Law enforcement agencies and prosecutors have used wiretaps and other electronic surveillance methods to gather evidence of criminal activity for over a century. The privacy issues involved in listening in on the conversations of private citizens invoke constitutional protections that have been addressed by both Arizona and Federal courts. The Arizona Court of Appeals recently affirmed a defendant’s conviction for drug trafficking offenses, rejecting his contention that the wiretap evidence used to convict him was obtained in violation of federal law.
According to the facts discussed in the appellate opinion, the defendant had been a suspect in an ongoing drug trafficking investigation. In 2016, the Maricopa County attorney’s office submitted a request for wiretap authorization to the superior court, which was granted. Based on the evidence obtained by listening to the defendant’s phone conversations, he was arrested and charged with several drug trafficking offenses. Before trial, the defendant’s attorney attempted to suppress the wiretap evidence, arguing that a recently decided federal court case set the standards for wiretap applications, and the one submitted in the defendant’s case was not up to the standard
The federal law concerning wiretap applications was recently clarified by the U.S. 9th Circuit Court of Appeals, which has jurisdiction over Arizona. The 9th Circuit determined that a valid application for a wiretap must be signed off by the “principle prosecuting attorney” for the jurisdiction where the wiretap is requested. The application, in this case, was signed off by a deputy district attorney, not the principal prosecuting attorney for Maricopa County.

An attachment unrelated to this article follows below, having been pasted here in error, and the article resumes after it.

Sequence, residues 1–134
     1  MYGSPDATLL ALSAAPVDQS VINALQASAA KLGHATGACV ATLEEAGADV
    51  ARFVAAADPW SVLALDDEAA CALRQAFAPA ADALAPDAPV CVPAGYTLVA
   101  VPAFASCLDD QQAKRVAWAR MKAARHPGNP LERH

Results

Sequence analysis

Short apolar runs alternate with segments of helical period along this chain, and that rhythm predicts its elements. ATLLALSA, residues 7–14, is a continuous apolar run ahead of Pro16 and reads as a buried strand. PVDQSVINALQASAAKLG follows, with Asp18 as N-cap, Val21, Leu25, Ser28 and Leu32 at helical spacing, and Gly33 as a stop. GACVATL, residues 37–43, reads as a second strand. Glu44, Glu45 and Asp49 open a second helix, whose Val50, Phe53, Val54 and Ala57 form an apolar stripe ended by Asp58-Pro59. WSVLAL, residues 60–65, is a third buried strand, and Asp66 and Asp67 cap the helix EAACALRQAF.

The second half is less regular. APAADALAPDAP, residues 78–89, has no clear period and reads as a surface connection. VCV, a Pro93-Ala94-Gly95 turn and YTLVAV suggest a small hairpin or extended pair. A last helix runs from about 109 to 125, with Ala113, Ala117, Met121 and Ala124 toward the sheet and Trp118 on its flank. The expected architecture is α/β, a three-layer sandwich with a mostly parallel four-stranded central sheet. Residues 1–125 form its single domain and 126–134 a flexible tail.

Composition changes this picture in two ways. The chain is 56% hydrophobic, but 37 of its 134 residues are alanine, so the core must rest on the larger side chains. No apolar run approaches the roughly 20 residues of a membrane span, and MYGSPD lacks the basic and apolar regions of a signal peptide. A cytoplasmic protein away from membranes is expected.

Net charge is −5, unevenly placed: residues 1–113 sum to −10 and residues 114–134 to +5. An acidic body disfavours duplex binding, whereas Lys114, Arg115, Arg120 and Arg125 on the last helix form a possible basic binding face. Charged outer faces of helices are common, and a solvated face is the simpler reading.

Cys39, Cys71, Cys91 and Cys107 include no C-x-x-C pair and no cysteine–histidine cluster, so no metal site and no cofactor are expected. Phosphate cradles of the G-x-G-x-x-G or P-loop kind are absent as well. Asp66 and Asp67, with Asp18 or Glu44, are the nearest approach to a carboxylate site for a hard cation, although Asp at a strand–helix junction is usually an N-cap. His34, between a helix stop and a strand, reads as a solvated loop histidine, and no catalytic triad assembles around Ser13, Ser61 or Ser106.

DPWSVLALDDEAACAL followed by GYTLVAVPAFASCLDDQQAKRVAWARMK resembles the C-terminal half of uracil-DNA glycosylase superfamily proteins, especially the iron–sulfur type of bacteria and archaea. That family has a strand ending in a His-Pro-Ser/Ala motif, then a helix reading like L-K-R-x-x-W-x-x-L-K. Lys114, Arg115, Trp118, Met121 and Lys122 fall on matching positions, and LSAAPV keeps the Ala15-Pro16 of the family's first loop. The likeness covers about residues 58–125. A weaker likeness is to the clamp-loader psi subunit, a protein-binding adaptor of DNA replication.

Although the application appeared invalid under the newly developed federal law, the Arizona courts permitted the evidence to be submitted at trial. The Court of Appeals ruled that a subsequent affidavit submitted by the principal prosecuting attorney for Maricopa County was sufficient to meet the federal requirements. As a result of this ruling, the defendant will be required to continue serving out his sentence unless a federal appeal is pursued and succeeds. As technology progresses, the methods and tactics used by law enforcement performing electronic surveillance will change, and justice advocates must be prepared to challenge whatever new tactics the state may come up with.
Understanding wiretap laws can be critical to fighting cases involving this type of evidence. The last thing you want is an attorney who takes the government’s word at face value and doesn’t think to challenge all unfavorable evidence.
Are You Facing Arizona Criminal Charges?
If you or a loved one has been arrested or charged with a crime in Arizona, challenging improper police and prosecutorial tactics may be an important part of your defense. Although Arizona courts often construe existing laws in ways to benefit the prosecution, a qualified defense attorney can help prevent prosecutors and judges from abusing their discretion in your case. The experienced Arizona criminal defense attorneys with the Law Office of James E. Novak have what it takes. If you’re concerned about the charges against you, contact us and we’ll start working on your defense today To schedule a free consultation and discuss your case, call 480-413-1499.